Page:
One year after king's ouster, protests continue to rock Nepal
Apr 23, 2007 - 4:38:52 PM

Kathmandu, April 23 - A year after the ouster of King Gyanendra's authoritarian regime, peace continues to elude Nepal with fresh protests marring the government's victory celebrations starting Monday.

As the new eight-party government of Nepal unfolded an ambitious three-day celebration programme in the capital, ethnic protesters blocked the country's lifeline, the highway connecting Nepal with southern neighbour India and providing the major route for supplies.

Southeastern Nepal was closed down by the Chure Bhawar Pradesh Ekta Samaj, which called an indefinite strike from Monday to press their demand for an autonomous Chure state in the southeast for the hilly community of the area.

Though Prime Minister Girija Prasad Koirala's deputy, Peace and Reconstruction Minister Ram Chandra Poudel Sunday urged the protesters to call off the strike and begin negotiations, the organisation said it would keep up the disruption till its demand was met.

The group had threatened to go on the warpath last month, but withdrew its protest after the government said it was forming a ministerial team to open negotiations.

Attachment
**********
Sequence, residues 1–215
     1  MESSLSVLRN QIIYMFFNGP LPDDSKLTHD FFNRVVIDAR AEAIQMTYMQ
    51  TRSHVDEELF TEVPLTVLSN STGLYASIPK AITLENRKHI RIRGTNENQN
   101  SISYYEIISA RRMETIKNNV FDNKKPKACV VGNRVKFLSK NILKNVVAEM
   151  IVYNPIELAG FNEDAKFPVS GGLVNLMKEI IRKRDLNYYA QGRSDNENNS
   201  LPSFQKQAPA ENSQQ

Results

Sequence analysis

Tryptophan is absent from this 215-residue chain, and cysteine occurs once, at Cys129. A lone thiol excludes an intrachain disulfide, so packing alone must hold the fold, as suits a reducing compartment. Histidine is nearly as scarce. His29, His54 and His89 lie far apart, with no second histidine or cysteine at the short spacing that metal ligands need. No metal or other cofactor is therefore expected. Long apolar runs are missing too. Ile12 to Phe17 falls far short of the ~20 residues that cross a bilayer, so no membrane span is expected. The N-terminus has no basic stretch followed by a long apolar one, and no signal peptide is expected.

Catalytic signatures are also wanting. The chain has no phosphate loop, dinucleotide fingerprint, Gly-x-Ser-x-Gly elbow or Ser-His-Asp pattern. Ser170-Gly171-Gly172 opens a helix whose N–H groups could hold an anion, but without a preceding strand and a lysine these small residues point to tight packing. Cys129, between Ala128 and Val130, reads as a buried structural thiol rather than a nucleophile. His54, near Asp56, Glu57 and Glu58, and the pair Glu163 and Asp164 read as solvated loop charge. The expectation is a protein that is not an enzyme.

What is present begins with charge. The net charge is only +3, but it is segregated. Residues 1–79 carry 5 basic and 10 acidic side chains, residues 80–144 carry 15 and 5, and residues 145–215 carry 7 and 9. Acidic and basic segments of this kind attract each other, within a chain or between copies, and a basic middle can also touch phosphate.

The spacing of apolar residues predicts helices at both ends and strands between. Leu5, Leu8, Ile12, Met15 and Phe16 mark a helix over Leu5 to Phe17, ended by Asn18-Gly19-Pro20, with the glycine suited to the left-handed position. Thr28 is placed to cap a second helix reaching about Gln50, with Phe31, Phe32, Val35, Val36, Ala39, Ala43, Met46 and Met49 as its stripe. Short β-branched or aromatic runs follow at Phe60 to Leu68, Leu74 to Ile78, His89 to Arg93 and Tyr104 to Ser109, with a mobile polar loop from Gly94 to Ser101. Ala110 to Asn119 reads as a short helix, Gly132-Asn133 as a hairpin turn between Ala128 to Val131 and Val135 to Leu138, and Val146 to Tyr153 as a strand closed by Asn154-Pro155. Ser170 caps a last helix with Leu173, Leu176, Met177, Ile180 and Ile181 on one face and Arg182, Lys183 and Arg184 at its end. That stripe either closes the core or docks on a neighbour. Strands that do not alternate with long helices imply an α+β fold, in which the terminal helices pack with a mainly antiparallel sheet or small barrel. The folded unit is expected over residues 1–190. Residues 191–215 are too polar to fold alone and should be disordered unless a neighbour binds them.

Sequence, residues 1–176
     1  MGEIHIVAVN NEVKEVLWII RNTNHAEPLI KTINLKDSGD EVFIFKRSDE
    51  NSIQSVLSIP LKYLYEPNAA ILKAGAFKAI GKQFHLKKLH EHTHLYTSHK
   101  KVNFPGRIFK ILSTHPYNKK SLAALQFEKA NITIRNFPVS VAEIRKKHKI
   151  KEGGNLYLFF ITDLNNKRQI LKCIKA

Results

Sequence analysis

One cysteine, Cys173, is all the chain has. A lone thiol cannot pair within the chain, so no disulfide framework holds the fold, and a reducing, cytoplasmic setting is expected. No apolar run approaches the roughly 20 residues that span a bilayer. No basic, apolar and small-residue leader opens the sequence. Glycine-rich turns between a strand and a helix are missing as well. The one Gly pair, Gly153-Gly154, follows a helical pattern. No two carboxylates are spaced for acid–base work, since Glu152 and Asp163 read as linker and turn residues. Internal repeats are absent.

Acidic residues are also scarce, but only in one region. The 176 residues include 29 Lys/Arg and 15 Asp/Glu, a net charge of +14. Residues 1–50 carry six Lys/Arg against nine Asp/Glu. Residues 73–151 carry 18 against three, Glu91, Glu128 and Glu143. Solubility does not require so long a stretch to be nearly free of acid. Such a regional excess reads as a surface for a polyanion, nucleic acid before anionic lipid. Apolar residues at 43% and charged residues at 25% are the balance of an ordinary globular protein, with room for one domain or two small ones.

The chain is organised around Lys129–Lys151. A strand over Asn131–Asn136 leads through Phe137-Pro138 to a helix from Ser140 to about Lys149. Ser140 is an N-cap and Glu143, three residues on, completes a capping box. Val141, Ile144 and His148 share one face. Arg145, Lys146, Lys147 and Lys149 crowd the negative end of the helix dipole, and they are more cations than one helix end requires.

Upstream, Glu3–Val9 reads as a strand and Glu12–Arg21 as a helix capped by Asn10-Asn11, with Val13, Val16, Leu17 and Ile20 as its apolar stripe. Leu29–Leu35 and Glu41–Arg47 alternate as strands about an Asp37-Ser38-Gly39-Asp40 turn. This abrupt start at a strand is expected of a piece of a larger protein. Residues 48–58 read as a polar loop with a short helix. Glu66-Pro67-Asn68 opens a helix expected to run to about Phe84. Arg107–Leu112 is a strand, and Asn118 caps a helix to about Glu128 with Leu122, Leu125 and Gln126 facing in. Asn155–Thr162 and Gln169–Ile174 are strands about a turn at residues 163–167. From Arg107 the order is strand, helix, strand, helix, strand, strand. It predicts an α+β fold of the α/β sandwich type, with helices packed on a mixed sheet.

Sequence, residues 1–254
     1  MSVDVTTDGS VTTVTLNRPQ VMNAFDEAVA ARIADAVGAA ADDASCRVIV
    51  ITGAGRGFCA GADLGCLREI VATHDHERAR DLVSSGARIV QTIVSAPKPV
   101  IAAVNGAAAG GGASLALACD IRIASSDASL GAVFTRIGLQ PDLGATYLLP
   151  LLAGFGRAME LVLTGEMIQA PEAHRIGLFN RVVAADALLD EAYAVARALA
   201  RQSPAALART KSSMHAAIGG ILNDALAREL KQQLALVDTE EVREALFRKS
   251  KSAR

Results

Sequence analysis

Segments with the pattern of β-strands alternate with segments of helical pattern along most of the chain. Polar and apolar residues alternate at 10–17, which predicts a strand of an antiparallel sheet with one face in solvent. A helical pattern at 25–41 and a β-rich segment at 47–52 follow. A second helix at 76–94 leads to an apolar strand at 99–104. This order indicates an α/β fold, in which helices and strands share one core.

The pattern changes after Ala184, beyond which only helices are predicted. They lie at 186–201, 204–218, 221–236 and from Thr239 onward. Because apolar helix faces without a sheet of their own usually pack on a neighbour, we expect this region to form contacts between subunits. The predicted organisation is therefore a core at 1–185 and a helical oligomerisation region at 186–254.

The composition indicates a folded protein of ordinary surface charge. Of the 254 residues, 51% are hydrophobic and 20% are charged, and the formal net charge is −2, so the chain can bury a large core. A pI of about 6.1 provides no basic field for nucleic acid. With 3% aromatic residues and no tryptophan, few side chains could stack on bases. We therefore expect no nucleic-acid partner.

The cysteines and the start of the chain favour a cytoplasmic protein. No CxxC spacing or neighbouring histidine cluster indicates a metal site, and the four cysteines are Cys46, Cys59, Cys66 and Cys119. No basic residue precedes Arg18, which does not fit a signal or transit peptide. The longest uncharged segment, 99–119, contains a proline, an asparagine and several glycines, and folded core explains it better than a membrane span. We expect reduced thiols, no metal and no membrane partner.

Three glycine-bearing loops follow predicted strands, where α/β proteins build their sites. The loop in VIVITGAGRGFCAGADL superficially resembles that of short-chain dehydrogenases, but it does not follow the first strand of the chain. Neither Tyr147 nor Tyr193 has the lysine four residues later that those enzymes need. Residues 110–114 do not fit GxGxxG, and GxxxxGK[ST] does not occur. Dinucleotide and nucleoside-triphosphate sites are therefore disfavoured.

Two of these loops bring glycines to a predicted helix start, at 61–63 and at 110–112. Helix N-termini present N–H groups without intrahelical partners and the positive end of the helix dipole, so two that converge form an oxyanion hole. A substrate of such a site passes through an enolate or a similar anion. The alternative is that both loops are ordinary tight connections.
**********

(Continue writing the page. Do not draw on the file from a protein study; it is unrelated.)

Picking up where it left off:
Though there was no untoward incident, transport came to a standstill and shops, educational institutions and offices remained closed in several districts along the highway.

The new protest comes after a three-day closure in the Terai plains ended Sunday, enforced by the Madhesi Janadhikar Forum, a group of plains people, mostly of Indian origin.

The Forum is demanding an autonomous Madhes state for the diaspora in the Terai plains, a demand that has widened the traditional rift between people from the plains and hills.

There is fear that the new unrest would cause a scarcity of essential goods.

The Madhes and Chure protests come at a time Nepal is celebrating the anniversary of the ouster of King Gyanendra's 15-month government and the restoration of democracy.

The king, who had seized absolute power with the help of the army in 2005, was forced to step down after 19 days of continuous street protests against his government last April.

On April 24, 2006, he finally agreed during a televised address to restore parliament, dissolved in 2002, and hand over the reins to the seven-party opposition alliance.

King Gyanendra's exit largely restored peace in Nepal with the Maoist guerrillas, who had been waging a 10-year insurgency to overthrow the king, signing a peace pact.

A year later in April 2007, the rebels, once banned as terrorists, joined the government and pledged to hold elections by June.

However, the fresh unrest in the Terai, in which over 60 people have been killed since January, caused the Election Commission to declare it impossible to hold elections by June 20.

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